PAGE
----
]

finallen = 25

def piece_len(piece):
    from math import log2, ceil
    return ceil(log2(piece))
    # Alternatively, return len(finv(piece))

for piece in pieces:
    remainingpieces = pieces[:]
    remainingpieces.remove(piece)

    # Assume the current piece is the right-most.
    # The position of each remaining piece is then at most
    # (25 - length of piece) to the left.

    positionstoshift = [0] * len(remainingpieces)
    stoploop = False
    while not stoploop:
        shiftedremainingpieces = []

        for i in range(len(remainingpieces)):
            shiftedremainingpieces.append(
                remainingpieces[i] << positionstoshift[i]
            )

        arithsum = sum(shiftedremainingpieces) + piece

        if arithsum == 2 ** finallen - 1:
            print("Solution found:")
            # Print all pieces with appropriate space padding
            print(" " * (finallen - piece_len(piece)) + finv(piece))
            for i in range(len(remainingpieces)):
                print(" " * (
                    finallen -
                    piece_len(remainingpieces[i]) -
                    positionstoshift[i]
                ) + finv(remainingpieces[i]))
            print("")
            # Terminate the program here if only one solution is needed

        # Increment positionstoshift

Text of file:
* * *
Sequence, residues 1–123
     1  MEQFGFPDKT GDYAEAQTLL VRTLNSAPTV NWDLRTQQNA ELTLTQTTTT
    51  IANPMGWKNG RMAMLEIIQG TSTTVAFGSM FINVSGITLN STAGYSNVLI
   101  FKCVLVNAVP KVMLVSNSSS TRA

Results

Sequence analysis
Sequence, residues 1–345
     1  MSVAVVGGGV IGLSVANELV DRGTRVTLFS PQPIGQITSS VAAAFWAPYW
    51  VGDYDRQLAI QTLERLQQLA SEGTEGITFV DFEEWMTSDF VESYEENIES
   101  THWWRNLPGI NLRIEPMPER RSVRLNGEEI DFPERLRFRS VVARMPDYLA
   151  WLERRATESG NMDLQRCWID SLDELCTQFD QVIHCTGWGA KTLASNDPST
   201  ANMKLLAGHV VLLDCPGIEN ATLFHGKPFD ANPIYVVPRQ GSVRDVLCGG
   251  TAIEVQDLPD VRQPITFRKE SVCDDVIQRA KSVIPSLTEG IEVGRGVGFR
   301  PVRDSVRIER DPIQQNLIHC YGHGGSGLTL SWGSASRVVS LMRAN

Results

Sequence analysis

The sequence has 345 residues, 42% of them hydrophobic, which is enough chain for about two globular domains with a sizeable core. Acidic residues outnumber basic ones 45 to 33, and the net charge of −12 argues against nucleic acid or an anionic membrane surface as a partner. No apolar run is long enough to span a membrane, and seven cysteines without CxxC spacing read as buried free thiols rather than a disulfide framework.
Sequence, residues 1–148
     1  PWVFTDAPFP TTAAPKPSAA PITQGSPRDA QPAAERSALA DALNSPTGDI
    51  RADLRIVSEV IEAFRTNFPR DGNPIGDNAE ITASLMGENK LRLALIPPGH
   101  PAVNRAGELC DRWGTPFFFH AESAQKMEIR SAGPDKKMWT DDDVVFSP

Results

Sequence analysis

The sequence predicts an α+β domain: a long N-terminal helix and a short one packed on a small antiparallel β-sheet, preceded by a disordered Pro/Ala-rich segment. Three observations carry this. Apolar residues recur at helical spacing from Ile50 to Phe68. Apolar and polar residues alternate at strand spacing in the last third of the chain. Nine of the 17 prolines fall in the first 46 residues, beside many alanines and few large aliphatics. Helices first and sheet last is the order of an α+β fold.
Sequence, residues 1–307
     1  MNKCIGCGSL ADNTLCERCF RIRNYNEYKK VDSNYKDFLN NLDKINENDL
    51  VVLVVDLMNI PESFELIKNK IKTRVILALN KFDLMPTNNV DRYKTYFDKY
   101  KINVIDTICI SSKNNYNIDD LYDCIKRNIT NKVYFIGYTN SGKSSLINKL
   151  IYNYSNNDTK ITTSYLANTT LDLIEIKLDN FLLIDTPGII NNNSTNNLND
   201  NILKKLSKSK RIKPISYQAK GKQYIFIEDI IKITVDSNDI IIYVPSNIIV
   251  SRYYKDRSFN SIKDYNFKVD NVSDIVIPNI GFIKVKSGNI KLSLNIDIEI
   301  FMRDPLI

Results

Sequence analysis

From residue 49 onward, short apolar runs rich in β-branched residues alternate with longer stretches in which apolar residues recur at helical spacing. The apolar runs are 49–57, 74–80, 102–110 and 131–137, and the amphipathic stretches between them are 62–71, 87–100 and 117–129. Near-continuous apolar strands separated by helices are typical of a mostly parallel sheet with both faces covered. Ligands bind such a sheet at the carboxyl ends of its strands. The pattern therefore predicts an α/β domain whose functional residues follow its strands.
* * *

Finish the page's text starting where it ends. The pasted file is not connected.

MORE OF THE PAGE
positionstoshift[-1] += 1
        # Loop from the right, carry over as necessary
        for i in range(-1, -len(positionstoshift) - 1, -1):
            if positionstoshift[i] > finallen - piece_len(remainingpieces[i]):
                positionstoshift[i] = 0
                try:
                    positionstoshift[i - 1] += 1
                except IndexError:
                    # Can't carry over, hence reached the end
                    stoploop = True
                    break

Output:

Solution found:
     X...X......X....X..X
    X.X.....X.....X....X
XX.X...X...X
  X.....X.X...X.....X
             X.X.X.X..X..

Solution found:
             X.X.X.X..X..
     X...X......X....X..X
    X.X.....X.....X....X
XX.X...X...X
  X.....X.X...X.....X

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  • $\begingroup$ your first 'solution' isn't $\endgroup$ – JMP Aug 31 '18 at 16:23
  • $\begingroup$ @JonMarkPerry Sorry that was just me messing up the formatting on stackexchange $\endgroup$ – user12205 Aug 31 '18 at 16:25
  • $\begingroup$ okay, but you should have found 120 solutions like this $\endgroup$ – JMP Aug 31 '18 at 16:32
  • $\begingroup$ @JonMarkPerry How did you arrive at the number 120? I'm struggling to see how my algorithm skipped 118 cases. $\endgroup$ – user12205 Aug 31 '18 at 16:38
  • $\begingroup$ your 2 solutions are permutations of each other by row, and there are 5!=5.4.3.2.1=120 of these. $\endgroup$ – JMP Aug 31 '18 at 16:59
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A start:

Number the 25 positions $1\dots 25$.

I note that your 2nd piece occupies 4 positions of one parity and 1 of the other. So do your 3rd and 5th pieces. And your 4th occupies 5 positions all of the same parity.